Gerry Canavan

the smartest kid on earth

More on Health Care and the Political Spectrum

with 2 comments

Starting off, I thought this insightful post from Matt Yglesias puts the central paradox in centrist/incrementalist approaches to health care reform very well:

The reason is that the way insurance companies make money is to segment the population based on risk. And the way centrist, moderate, or otherwise incrementalist approaches to reforming U.S. health care work is they attempt to regulate away insurance companies’ ability to do risk-segmentation effectively. But once you accept the premise that you don’t want insurance companies doing all this risk analysis, there’s basically nothing else for them to do. That’s just what an insurance company is.

Naturally I use that term “centrist” here quite advisedly, taking Shankar D’s point from the comments that it can sometimes obscure more than it reveals. But here again I think the term is meaningful and useful: “centrism” designates an approach to health care reform that leaves the current dominant coverage mechanism (for-profit insurance companies) basically intact and unchanged, in contrast to liberal or progressive approaches like (in order of radicality) co-operatives, public options, and single-payer, which are transformative in nature.

Ezra Klein takes up a more Shankarian style of analysis when he writes of the progressive blogosophere inappropriately making a fetish of the public option:

It might have been a necessary thing from an activism point of view, but convincing liberals that this bill was worthless in the absence of the public option was a terrible decision, wrong on the merits and unfair to the base. The achievement of this bill is $900 billion to help people purchase health-care coverage, a new market that begins to equalize the conditions of the unemployed and the employed, and a regulatory structure in which this country can build, for the first time, a universal health-care system. Thousands and thousands of lives will be saved by this bill. Bankruptcies will be averted. Rescission letters won’t be sent. Parents won’t have to fret because they can’t take their child, or themselves, to the emergency room. This bill will, without doubt, do more good than any single piece of legislation passed during my (admittedly brief) lifetime. If it passes, the party that fought for it for decades deserves to feel a sense of accomplishment.

Fair enough.

But this is also the same Ezra Klein who wrote, only a few days ago, that “This bill, when it’s finished, is not going to be very good. But it’s going to be a lot better than what we have, and almost more importantly, a lot easier to improve in the future.” And it is this argument—the expansionist argument—that I think remains the clearest justification for full-throated progressive support of this significantly imperfect bill. Obamacare is a base hit, not a home run. Recognizing it as such isn’t, and shouldn’t be confused with, rejecting it altogether.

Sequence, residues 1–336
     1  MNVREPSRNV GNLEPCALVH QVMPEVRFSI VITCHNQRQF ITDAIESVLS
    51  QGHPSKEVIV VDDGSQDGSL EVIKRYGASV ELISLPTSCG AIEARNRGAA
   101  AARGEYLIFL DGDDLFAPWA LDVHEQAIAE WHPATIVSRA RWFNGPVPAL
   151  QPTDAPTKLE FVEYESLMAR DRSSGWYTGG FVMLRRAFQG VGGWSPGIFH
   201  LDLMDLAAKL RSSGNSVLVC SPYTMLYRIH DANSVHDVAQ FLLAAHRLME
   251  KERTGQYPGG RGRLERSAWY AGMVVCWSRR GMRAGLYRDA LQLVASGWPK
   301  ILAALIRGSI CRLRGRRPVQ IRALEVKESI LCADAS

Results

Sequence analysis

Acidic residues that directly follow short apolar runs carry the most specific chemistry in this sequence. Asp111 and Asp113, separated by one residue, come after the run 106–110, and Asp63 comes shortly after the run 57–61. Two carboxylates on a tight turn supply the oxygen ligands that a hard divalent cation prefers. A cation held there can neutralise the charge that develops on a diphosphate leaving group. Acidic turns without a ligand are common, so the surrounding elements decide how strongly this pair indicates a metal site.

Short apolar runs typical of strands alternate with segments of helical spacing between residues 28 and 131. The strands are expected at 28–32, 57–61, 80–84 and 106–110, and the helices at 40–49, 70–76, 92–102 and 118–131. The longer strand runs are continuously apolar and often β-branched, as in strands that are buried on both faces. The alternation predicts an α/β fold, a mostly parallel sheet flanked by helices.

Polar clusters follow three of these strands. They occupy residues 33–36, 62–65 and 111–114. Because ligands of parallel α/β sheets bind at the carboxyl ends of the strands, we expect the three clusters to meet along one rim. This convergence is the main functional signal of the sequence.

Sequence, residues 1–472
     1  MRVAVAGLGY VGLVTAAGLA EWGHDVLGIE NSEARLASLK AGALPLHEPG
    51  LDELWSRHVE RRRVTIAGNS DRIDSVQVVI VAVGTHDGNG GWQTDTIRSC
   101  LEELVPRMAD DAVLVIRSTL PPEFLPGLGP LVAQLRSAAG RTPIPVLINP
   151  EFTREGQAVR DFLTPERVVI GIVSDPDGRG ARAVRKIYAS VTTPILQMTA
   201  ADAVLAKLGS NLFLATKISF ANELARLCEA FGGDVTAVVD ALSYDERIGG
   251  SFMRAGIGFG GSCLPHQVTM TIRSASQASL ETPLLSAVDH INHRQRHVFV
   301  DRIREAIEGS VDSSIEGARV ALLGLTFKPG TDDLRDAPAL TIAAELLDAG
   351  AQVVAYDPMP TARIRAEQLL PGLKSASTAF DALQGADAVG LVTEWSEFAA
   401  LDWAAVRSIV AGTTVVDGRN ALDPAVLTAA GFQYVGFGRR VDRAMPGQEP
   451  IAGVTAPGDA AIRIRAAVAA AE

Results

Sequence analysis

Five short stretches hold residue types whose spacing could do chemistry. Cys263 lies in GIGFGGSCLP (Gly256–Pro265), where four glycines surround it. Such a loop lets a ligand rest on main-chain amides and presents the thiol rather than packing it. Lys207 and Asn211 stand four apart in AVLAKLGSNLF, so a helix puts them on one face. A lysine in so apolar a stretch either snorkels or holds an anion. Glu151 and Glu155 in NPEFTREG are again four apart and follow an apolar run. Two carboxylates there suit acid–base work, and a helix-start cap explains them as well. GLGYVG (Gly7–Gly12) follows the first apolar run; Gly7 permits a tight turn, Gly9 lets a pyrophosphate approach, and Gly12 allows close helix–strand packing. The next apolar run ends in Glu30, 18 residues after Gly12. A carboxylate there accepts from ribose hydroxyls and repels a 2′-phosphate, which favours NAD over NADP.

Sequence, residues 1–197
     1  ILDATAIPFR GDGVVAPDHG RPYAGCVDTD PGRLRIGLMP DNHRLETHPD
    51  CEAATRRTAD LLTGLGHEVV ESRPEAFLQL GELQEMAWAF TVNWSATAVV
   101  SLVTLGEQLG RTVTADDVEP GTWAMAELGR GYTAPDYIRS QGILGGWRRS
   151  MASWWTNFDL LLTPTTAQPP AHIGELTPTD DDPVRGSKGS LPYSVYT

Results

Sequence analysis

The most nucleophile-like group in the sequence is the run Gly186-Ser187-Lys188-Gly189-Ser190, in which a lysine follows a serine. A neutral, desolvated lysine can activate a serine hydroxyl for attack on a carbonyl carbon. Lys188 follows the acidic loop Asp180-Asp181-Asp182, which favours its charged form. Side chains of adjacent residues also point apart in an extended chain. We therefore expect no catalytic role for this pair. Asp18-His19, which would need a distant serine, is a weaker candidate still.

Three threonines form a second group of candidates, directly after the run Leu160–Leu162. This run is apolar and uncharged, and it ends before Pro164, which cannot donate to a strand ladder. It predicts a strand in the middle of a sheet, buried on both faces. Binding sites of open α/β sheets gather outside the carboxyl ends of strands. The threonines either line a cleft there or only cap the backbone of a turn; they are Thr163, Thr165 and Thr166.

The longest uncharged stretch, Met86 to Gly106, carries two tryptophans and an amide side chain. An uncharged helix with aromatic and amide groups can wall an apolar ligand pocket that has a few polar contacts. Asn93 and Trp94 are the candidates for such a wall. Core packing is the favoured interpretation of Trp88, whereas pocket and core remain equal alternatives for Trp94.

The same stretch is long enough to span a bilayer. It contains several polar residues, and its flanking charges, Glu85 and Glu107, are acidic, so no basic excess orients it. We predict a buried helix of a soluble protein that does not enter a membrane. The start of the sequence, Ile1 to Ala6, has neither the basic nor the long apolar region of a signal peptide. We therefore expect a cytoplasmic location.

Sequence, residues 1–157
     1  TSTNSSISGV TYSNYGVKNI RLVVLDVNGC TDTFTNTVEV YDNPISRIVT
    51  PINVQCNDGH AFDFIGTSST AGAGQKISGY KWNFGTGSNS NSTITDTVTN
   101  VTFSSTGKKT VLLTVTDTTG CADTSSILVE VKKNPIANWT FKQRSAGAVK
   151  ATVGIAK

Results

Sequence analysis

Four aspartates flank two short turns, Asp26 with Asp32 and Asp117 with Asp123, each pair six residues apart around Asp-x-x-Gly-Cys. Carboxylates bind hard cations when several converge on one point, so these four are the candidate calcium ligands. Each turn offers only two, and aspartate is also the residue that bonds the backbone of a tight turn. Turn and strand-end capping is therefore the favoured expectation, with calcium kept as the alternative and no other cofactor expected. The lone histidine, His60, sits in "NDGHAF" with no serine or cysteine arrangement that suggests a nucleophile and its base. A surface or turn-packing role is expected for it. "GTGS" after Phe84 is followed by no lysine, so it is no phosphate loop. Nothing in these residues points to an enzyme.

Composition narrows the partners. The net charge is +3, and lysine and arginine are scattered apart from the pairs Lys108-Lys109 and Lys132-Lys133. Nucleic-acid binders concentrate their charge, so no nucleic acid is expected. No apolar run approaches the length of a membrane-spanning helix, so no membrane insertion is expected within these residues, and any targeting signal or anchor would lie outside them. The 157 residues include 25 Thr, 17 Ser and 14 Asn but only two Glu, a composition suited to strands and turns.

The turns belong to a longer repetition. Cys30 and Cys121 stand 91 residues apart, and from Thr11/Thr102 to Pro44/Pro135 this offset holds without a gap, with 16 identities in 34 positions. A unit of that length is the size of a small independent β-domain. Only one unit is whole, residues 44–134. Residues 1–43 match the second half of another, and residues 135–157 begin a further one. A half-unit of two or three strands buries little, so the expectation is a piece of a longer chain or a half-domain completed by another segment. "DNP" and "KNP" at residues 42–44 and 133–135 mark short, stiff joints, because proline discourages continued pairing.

2 Responses

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  1. It does seem like we are having a semantic dispute. I don’t think there’s any meaningful way to define a policy as “centrist.” I suppose you could ask whether it captures the support of the political center, but then, the public option would in some sense be a “centrist” solution.

    Incremental is fine to to the extent that it connotes something about the qualitative nature of reform (i.e., not transformative of the structural elements of an industry, etc). But ultimately, I don’t think much of this matters.

    The key point, from my perspective, is that a health care bill similar to the one the Senate is considering, even if stripped entirely of the public option, is a really big deal and a really good thing. It is, historically speaking, a progressive milestone. I’m not sure either you or traxus disagrees with that, but I do see a fair bit of comment from the left that it would literally be worse than nothing. I have a very hard time understanding how someone who is basically sympathetic to the need for people to have access to medical care could think that.

    Also, one more point – Yglesias’ use of the phrase “centrist/incremental” seems keyed to the insurance market reforms. But that’s not all that’s going on here. The key is the Medicaid expansion cum affordability credits that will allow millions more people to gain access to health insurance.

    Shankar D

    December 6, 2009 at 5:00 pm

  2. One other thing – I think that part of being a liberal/progressive/whatever is believing that ultimately, everything is a base hit.

    The arc of the moral universe is much, much longer than our lives.

    Shankar D

    December 6, 2009 at 8:14 pm


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